For years, the benefits of Brexit have had to be debated as theoreticals, but now that we are finally out of the EU, the pandemic is offering an early taste of the difference our independence might be able to make. Juliet Samuel writes in her column how the vaccine procurement effort provides a blueprint for exactly how Britain’s new freedoms can be used to ensure that Brexit ends up being a long-term success.
The Trump presidency will come to an end on Wednesday, with the wounds from the Capitol riots still fresh and a second impeachment still unresolved. Even without those events, however, it would have been an extraordinary, custom-smashing four years. Tim Stanley has taken a look back at Donald Trump’s single term in office in this excellent long read and interrogates how much the President’s unchanging personality drove events.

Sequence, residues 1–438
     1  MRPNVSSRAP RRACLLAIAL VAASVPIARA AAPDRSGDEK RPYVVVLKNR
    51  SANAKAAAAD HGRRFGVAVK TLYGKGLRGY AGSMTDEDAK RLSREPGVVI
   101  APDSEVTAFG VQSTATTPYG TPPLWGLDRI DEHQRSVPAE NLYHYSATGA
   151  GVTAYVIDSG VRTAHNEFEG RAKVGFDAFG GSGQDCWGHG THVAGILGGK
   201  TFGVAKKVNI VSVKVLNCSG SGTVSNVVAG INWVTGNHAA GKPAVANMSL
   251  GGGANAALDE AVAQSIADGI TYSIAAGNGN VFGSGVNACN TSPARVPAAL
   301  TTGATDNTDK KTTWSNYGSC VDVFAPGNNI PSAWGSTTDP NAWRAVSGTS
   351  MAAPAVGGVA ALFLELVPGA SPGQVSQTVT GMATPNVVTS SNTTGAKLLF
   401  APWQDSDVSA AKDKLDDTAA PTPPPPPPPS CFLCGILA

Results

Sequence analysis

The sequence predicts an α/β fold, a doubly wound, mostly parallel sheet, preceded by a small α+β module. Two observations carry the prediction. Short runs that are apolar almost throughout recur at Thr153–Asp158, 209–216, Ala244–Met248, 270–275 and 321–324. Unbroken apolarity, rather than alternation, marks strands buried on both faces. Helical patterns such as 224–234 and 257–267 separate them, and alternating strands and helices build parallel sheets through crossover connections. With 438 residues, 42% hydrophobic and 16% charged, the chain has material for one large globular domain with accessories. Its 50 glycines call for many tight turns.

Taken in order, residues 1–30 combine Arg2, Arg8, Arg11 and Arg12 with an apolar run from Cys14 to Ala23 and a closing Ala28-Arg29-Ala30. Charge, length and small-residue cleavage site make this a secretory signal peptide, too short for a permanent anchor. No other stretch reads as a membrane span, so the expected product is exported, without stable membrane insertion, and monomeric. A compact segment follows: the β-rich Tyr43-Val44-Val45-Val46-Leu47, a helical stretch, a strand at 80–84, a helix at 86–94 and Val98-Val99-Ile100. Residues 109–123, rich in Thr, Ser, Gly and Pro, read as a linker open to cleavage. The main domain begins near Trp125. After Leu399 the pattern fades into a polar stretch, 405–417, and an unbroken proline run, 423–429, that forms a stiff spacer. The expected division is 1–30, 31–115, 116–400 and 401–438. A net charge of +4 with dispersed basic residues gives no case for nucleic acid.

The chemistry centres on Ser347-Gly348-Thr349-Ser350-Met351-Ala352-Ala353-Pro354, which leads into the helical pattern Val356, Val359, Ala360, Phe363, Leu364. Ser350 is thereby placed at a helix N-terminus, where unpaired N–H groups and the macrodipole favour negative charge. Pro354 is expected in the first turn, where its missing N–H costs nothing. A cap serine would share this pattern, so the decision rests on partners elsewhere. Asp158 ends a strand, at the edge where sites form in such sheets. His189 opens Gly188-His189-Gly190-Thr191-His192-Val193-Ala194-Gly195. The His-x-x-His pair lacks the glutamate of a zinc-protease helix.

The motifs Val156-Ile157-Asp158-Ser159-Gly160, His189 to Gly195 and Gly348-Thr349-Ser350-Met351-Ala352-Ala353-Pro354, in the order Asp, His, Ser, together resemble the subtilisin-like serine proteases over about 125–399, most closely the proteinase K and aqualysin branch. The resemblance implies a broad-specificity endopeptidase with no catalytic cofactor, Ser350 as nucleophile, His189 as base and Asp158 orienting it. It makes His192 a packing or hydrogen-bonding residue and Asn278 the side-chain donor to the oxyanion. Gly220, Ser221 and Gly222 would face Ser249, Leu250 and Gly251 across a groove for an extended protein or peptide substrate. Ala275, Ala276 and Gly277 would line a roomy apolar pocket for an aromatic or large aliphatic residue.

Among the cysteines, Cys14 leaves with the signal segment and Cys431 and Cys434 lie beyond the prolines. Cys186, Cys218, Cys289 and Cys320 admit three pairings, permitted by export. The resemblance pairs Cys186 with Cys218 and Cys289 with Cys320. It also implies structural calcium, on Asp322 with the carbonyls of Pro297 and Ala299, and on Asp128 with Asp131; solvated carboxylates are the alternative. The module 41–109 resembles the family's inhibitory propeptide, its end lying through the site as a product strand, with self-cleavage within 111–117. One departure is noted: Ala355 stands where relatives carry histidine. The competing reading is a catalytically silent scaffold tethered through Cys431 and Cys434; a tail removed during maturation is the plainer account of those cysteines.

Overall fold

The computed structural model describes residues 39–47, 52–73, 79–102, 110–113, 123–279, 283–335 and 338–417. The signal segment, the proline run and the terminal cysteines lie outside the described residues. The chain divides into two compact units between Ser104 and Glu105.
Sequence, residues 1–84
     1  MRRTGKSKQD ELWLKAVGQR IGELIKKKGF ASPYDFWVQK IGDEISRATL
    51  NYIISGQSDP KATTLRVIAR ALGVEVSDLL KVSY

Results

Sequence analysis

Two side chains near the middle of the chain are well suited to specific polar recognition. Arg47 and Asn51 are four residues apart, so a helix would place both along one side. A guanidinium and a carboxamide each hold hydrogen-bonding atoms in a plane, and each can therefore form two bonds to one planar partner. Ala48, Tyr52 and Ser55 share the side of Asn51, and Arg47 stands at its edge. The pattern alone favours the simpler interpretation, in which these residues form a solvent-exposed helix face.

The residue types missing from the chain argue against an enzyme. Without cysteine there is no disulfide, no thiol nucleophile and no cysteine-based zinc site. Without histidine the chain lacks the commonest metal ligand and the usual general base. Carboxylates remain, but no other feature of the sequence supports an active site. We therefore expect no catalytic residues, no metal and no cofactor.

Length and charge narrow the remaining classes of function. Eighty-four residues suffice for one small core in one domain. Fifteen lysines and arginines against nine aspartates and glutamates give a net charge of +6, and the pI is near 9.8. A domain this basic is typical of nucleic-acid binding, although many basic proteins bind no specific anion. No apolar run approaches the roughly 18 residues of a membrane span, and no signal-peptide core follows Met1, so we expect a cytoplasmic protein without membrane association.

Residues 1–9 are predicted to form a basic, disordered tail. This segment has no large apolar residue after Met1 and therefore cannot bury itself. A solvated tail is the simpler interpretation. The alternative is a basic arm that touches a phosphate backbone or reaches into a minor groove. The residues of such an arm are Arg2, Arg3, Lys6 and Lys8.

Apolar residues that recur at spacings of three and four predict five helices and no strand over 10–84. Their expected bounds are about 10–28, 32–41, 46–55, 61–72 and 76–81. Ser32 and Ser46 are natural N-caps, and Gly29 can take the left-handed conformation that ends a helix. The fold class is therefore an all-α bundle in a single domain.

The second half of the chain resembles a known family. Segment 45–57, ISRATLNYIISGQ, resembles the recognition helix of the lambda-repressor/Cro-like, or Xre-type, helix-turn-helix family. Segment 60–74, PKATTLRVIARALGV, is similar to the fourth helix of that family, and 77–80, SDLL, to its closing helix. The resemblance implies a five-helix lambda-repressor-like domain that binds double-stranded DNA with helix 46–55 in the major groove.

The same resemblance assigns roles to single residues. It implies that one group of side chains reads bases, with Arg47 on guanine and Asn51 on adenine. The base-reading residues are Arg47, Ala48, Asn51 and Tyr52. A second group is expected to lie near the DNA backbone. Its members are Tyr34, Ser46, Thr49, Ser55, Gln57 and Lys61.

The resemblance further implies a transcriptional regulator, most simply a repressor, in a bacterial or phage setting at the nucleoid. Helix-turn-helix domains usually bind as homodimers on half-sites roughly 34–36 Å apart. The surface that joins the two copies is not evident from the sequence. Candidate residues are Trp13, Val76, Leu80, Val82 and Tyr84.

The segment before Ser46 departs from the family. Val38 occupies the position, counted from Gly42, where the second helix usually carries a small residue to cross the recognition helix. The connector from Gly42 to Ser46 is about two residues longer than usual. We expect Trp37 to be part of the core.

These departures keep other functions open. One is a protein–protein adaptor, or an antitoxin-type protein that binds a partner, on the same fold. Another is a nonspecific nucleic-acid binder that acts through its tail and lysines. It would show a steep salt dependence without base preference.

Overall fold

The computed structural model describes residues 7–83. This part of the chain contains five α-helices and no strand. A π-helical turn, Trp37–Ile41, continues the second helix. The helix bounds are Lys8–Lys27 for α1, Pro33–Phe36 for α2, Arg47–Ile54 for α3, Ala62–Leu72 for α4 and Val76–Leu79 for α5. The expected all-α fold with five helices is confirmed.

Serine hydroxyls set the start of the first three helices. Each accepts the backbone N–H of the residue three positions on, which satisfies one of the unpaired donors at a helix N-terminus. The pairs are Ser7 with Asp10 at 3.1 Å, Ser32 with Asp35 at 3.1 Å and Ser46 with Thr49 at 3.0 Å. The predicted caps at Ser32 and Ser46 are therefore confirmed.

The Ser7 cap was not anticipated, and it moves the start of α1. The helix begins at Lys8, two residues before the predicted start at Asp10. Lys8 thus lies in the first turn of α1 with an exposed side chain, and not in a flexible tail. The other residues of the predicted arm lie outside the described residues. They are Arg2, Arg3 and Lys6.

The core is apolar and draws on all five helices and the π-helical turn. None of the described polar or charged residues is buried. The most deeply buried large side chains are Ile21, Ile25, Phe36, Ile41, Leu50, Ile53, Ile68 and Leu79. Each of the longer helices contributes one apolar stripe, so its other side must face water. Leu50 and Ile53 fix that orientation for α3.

Phil Spector, the hugely successful music producer and infamous murderer, died on Saturday. Even before his crime, Mr Spector was media-shy and went a quarter of a century without giving an interview. That was until 2003, when, just three weeks before his arrest, he spoke to Mick Brown. It’s both a sweeping look at his immense influence on the world of music and a remarkable insight into a troubled mind.
Mary Beard is the latest to take part in our long-running (and brilliant) Fame and fortune weekly series, in which well-known faces open up about their financial pasts and presents, and their attitudes to money. In her entry, Ms Beard tells Nicola Venning about the point where she went from a struggling academic to knowing money would no longer be an issue, her personal luxury and how the pandemic has heightened her sense of fairness and injustice.